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Having been stuck outside their besieged homeland, hundreds of Palestinians have reentered Gaza, preferring to risk it all to be close to loved ones.
RAFAH — Like most Palestinians elsewhere in the world, Marwan Abu Taha has spent the past seven weeks glued to his phone screen, anxiously following the news in Gaza and talking with family in the besieged enclave.
But unlike others, Abu Taha was also desperately trying to get back inside Gaza.
The father of four, among several thousand Palestinians stranded in Egypt since the war broke out, was allowed to cross back into Gaza on Saturday amid the current, temporary ceasefire.
“It’s a risk,” Abu Taha said over the phone from his home in Gaza’s central town of Deir Al Balah. “But I wanted to come back to be with my children.”
The 56-year-old farmer was in Cairo for treatment after kidney failure, and had been scheduled to return to Gaza on Oct. 10. He spent the past seven weeks in the city of Al Arish in Egypt’s Sinai Peninsula.
Rafah crossing, heading north
The four-day truce was the first pause of fighting between Hamas and Israel in the war which was triggered by Hamas’ unprecedented raid on southern Israel on Oct. 7. That allowed the reopening of the Rafah crossing point for people to enter Gaza the first time in seven weeks.
Wael Abu Omar, a spokesman for the Palestinian Crossings Authority, said 760 Palestinians returned to Gaza in the first three days of the truce.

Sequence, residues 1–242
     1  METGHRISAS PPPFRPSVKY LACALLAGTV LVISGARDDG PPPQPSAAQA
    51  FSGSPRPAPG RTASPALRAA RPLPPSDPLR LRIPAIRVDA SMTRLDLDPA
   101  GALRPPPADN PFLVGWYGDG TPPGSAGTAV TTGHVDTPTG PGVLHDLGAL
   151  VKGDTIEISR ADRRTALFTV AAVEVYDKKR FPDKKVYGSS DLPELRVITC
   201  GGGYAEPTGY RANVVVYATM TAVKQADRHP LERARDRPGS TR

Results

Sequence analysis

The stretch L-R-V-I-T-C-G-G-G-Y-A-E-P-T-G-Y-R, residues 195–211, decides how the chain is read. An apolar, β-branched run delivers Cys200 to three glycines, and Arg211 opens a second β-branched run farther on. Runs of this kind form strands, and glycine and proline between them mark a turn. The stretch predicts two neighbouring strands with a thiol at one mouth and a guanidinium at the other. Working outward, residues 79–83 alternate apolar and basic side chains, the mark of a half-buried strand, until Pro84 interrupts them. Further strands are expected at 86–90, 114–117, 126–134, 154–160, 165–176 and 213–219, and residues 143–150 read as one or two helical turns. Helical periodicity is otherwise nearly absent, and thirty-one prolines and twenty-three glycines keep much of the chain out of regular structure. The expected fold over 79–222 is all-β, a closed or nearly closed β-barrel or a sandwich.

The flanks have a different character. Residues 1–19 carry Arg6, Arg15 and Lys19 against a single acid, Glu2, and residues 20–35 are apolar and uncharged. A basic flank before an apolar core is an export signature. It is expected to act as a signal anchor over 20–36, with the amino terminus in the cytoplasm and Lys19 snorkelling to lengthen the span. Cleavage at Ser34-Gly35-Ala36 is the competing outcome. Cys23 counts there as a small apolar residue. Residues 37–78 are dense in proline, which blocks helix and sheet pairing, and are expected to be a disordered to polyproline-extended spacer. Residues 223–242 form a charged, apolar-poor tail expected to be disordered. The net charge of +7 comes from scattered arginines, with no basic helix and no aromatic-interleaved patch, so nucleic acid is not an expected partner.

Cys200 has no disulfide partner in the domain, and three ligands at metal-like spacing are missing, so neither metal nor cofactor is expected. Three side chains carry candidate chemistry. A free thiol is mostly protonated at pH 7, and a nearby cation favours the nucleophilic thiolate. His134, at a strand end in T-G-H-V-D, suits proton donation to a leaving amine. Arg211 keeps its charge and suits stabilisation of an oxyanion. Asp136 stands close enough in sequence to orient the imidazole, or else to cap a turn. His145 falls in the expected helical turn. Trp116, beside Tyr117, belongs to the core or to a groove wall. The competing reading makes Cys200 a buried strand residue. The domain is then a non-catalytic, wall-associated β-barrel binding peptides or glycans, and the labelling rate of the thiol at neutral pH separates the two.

He insisted on returning to the territory.
Abu Taha said his sons back in Gaza urged him to remain in Egypt until the war ends, but he insisted on returning to the territory.
“I needed to be with them at this hard time,” he said, calling on both sides to extend the truce, and eventually reach a permanent ceasefire.
Palestinians greet each other after crossing the Rafah border coming from Egypt, hours after the start of a four-day truce.
Looking for kids, destroyed home
Ayman Haniyah was another one of those who returned to their homes in Gaza. The 40-something, who suffered a stroke that partly paralyzed him, was also in Cairo for medical treatment.
After 50 days in Al Arish, the provincial capital of Egypt’s North Sinai province, Haniyah returned to Gaza on Friday, the first day of the four-day truce.
“I don't know how things will go in Gaza. I don’t even know how I will return to my children,” Haniyah said as he was to cross into the strip.
But he insisted on returning to the enclave, especially after he learned that an Israeli airstrike destroyed his home in the southern city of Rafah, according to the London-based Asharq Al Awsat daily.
“To die in your homeland is much better than to die outside of your homeland,” the 40-something was quoted as saying.
Palestinians drive their damaged vehicle after crossing the Rafah border coming from Egypt
Still, as the Asharq Al Awsat report noted, all the returnees have mixed feelings, and fear that heavy violence may quickly return.
“Everyone is now relieved with the truce and wants to return to our homes and families, despite the unknown fate that awaits us there,” said Attiyah Abu Fadel.
“The scenes of the killing and the remains of the victims are always in my mind.”
Abu Fadel, who is in his 30s, stayed the past seven weeks in an apartment the Egyptian government designated to host stranded Palestinians. He said he didn’t know anything about his family in the southern city of Khan Younis.
“The scenes of the killing and the remains of the victims are always in my mind,” he said.
As for the future, he echoed the sentiment of other Gazans who’d watched the bloodshed from across the border, urging both Israelis and Palestinians “live in peace, away from wars.”
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